In January, there isn't much to get excited about when it comes to produce - with the exception of the "diamond of the kitchen," the Périgord winter truffle. The best time to use them is mid-month, when the holiday demand is over (making them a little less cost-prohibitive) and they're at their peak of perfume. Not as pungent as the Alban white truffle's intense and penetrating aroma, the Périgord's has a refinement reminiscent of mushrooms and freshly disturbed forest earth.
True, truffles are considered an expensive rarity, so splurging on a couple of ounces can bring on pangs of guilt. I personally would much rather amortize the cost by gathering a few like-minded friends for dinner and pointing out that we would be spending considerably more at a subpar local NHL game.
The mystery and folklore surrounding truffles is incredibly rich, so I won't add to it here, but I will pass along a few things I have learned over the years. First, storing black truffles in rice is okay, I suppose, but expecting the rice to taste of truffle when cooked will be disappointing because, in my experience, it won't. At the restaurant, we simply keep truffles wrapped in very slightly moistened paper towels, store them in the fridge and use them shortly after they were purchased.
Second, the best way to maximize them is to crush them into a coarse paste in a mortar and add them toward the end of the cooking process to dishes such as risotto or soups.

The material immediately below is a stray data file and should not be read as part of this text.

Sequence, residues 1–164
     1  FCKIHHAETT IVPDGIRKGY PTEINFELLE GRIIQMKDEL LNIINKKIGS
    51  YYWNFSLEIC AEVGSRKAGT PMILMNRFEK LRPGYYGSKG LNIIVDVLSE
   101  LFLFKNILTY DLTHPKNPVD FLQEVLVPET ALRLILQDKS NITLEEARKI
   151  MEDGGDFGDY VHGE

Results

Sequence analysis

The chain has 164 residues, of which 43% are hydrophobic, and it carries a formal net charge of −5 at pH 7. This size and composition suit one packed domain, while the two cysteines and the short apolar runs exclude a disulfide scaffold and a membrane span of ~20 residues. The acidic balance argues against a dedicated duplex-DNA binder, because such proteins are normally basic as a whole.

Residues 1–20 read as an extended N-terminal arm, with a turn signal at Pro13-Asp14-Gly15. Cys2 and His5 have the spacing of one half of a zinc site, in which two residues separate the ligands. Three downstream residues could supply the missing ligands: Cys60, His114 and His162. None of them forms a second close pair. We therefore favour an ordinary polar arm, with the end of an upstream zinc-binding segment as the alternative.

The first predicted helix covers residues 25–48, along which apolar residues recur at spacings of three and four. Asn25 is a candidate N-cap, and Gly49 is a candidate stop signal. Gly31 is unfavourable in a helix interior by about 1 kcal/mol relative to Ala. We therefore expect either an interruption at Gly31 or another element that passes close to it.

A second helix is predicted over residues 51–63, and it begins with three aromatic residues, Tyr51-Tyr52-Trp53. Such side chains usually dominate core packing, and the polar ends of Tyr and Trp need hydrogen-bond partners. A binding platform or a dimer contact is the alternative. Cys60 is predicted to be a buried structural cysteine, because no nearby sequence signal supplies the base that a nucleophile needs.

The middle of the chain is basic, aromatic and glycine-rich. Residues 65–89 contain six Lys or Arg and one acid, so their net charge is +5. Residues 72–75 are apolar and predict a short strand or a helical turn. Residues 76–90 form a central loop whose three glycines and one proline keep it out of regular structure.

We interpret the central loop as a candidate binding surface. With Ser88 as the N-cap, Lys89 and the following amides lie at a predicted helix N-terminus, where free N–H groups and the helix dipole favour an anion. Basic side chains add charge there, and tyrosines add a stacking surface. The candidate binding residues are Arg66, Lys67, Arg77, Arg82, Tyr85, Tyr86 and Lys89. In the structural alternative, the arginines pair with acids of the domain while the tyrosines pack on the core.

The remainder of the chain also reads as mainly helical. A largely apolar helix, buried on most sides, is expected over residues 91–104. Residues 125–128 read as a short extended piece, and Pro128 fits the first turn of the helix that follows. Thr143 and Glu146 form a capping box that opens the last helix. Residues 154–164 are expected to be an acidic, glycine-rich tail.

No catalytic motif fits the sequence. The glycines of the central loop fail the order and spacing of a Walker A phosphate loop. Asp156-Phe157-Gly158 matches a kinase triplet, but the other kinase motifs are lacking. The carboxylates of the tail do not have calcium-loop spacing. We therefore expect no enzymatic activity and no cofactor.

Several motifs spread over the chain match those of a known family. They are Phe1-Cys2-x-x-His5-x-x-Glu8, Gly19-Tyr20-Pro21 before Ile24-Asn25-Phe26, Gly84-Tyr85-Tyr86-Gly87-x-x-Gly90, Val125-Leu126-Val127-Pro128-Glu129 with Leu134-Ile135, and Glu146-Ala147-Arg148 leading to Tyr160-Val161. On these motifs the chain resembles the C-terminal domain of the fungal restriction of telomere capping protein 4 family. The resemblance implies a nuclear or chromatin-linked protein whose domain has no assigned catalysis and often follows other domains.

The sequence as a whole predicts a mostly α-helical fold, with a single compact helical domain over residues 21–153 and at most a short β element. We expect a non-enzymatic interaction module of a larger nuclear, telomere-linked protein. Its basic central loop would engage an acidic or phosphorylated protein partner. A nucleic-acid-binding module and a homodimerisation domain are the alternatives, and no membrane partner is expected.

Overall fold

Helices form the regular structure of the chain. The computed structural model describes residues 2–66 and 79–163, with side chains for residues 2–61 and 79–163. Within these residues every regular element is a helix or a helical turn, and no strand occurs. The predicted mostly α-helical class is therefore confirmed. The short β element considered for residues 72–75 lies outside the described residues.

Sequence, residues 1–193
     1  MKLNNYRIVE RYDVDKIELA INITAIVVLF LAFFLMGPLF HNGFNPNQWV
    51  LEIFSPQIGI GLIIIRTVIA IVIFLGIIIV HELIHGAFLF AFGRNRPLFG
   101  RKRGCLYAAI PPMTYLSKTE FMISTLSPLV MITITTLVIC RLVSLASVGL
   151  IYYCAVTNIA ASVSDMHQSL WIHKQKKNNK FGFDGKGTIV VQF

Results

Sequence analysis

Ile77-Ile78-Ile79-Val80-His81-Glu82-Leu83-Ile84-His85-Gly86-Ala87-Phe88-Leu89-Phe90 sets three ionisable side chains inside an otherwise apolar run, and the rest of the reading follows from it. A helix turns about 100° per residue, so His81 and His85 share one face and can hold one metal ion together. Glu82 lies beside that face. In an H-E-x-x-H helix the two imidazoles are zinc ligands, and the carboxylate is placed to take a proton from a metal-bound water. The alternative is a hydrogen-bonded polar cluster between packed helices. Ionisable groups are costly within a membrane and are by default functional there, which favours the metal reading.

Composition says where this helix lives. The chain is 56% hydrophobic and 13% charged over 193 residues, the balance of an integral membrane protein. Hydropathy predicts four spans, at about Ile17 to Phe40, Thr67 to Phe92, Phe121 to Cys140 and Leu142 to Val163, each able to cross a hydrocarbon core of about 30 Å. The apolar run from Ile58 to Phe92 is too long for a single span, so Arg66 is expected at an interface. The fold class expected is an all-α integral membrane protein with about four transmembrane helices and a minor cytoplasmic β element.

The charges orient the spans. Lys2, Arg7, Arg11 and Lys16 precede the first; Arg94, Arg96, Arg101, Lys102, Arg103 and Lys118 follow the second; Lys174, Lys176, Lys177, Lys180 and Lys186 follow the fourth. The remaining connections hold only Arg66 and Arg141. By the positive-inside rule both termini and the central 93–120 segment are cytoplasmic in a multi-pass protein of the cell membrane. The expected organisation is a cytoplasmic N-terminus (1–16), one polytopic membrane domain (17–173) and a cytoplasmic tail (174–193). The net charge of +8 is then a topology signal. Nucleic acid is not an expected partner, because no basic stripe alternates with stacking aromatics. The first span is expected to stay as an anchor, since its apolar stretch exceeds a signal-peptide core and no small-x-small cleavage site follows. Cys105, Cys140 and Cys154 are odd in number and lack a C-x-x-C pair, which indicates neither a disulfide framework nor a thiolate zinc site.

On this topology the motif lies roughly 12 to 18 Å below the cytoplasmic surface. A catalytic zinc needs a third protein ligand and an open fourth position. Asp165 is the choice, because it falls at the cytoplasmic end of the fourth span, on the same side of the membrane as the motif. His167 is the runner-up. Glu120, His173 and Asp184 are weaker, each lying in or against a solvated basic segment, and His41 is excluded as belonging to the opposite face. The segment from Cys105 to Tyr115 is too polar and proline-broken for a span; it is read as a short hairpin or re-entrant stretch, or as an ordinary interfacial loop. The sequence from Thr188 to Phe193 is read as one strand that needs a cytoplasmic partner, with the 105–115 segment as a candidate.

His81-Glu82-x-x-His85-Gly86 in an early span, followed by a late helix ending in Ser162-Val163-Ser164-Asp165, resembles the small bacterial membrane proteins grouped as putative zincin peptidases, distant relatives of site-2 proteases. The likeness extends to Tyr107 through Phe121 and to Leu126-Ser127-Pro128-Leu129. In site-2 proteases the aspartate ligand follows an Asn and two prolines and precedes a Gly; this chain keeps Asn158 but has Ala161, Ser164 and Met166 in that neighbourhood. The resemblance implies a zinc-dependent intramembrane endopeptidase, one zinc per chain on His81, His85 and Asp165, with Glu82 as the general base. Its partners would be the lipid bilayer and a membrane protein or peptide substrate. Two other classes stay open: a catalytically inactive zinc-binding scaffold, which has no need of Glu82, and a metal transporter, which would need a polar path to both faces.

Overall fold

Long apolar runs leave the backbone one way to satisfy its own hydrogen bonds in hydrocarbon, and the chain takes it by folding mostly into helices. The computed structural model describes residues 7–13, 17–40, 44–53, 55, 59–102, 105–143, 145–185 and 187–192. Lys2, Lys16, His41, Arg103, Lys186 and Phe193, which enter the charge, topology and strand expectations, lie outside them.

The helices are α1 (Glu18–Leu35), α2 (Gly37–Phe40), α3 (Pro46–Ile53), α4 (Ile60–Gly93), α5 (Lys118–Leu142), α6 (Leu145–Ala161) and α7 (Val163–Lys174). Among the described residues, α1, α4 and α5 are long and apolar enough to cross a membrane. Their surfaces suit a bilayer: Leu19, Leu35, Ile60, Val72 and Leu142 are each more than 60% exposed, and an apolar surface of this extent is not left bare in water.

And finally, it isn't necessary, after you have brushed them clean, to peel them before shaving them raw, but it's something I like to do. The peelings can be crushed as above and used in sauces, as with the oil in the salad recipe. Enjoy!
Keith Froggett is co-owner and executive chef of Scaramouche in Toronto.
Keith Froggett's Truffle, Fennel and Mushroom Salad
1 black truffle (about 25 grams)
4 tablespoons mild-tasting extra virgin olive oil
1 large fennel bulb, coarse outer layer removed
4 large, firm king oyster mushrooms, trimmed at root end
A few sprigs of flat leaf parsley, picked apart
1 lemon, quartered, ready for squeezing
A good chunk of Parmigiano Reggiano
Maldon sea salt
Except for the truffle and the truffle oil, ingredients must be lightly chilled. Brush the truffle clean and peel lightly, removing only enough to reveal the inside. Place the peelings in a mortar and crush. Mix into the oil. Lay out four large plates and use a sharp mandolin - essential - to shave the fennel thinly over the plates, scattering it in a loose layer. Repeat with the mushrooms. Scatter a little parsley over top. Drizzle each plate with the truffle olive oil, squeeze lemon over, shave on a few good slivers of cheese and season with the Maldon salt. Lastly, shave over the truffle and serve as an appetizer.
An Italian white is the best choice here. Think Gavi, Orvieto, Soave, pinot grigio or vernaccia di San Gimignano. But any crisp white, preferably from Europe, won't be far off the mark. Options include white Bordeaux, Rueda from Spain and gruner-veltliner from Austria.